Books in Little: The Effort of Mystery
“Mystery thus lies at the intersection where reason, intuition, and imagination meet and only the both/and language of paradox seems capable of uniting everything that otherwise seems hopelessly either/or. We are body and soul, bound, and free, fallen and godlike.” In his preface to The Operation of Grace: Further Essays on Art, Faith, and Mystery, Gregory Wolfe so describes the “trickiest” of the three terms that makes up the subtitle of IMAGE journal, the publication Wolfe founded in 1989. This diverse collection contains short essays that speak to the intersection of art, faith, and the public square, as well as the topic of Christian humanism and the literary life. Some of the most poignant essays include “Strange Pilgrims,” a reflection on the writer’s life as a paradoxical pilgrimage of solitude and community; “The Culture Wars Revisited,” a reminder that art and religion are ultimately “the twin sources of culture”; and “Looking for a Renaissance,” an assertion that “renaissance” is not merely one era, but a continual effort to renew via synthesis and something that is needed in every age.
A theme that unites these essays is also a thread that runs through all of Wolfe’s work: the notion that in our increasingly ideological age, politics is not enough. As we prepare for an election season that has already left many fatigued and disillusioned, The Operation of Grace reminds Christian humanists and culture-makers that in order to “create tradition afresh,” we should not rely primarily on government, but turn to churches, civil society, and other forms of local community—the “little platoons” where we might find the courage to live in tension and grow more comfortable with mystery in a time of increasing uncertainty.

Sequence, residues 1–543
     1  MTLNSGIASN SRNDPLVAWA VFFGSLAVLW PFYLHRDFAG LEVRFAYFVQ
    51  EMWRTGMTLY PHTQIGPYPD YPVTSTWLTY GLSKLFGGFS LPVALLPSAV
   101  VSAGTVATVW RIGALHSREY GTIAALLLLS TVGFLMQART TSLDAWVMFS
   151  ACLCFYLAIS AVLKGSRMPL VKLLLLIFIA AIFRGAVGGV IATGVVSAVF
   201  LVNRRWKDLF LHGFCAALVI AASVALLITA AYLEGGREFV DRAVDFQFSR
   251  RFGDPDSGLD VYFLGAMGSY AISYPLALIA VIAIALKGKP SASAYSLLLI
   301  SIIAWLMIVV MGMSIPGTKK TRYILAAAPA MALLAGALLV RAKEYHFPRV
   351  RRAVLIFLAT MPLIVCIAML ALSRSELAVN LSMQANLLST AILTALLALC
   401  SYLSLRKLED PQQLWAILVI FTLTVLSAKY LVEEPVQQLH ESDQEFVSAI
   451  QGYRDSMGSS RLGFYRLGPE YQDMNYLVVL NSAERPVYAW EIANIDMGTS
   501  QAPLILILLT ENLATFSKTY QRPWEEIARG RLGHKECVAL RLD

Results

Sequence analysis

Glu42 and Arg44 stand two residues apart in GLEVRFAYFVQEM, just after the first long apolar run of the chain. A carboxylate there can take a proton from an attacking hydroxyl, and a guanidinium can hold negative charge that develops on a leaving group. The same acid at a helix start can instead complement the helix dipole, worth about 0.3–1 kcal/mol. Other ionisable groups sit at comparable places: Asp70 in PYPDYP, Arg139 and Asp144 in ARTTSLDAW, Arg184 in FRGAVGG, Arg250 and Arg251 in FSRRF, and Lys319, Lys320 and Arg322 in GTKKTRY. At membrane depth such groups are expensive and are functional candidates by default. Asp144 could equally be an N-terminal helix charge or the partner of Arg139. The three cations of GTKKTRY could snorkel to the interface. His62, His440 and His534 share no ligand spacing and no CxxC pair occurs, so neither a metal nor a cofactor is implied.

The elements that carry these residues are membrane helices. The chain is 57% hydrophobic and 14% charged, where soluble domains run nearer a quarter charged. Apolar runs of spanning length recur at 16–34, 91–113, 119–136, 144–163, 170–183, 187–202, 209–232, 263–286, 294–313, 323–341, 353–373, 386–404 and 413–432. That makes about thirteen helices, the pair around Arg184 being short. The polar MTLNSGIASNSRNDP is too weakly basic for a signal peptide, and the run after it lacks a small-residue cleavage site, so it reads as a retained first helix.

Ashlee Cowles is a former Russell Kirk Center Wilbur Fellow, a literature teacher at a classical high school, and the author of Beneath Wandering Stars, a novel (Merit Press, August 2016).
Posted: August 4, 2016 in Books in Little.
Words and Deeds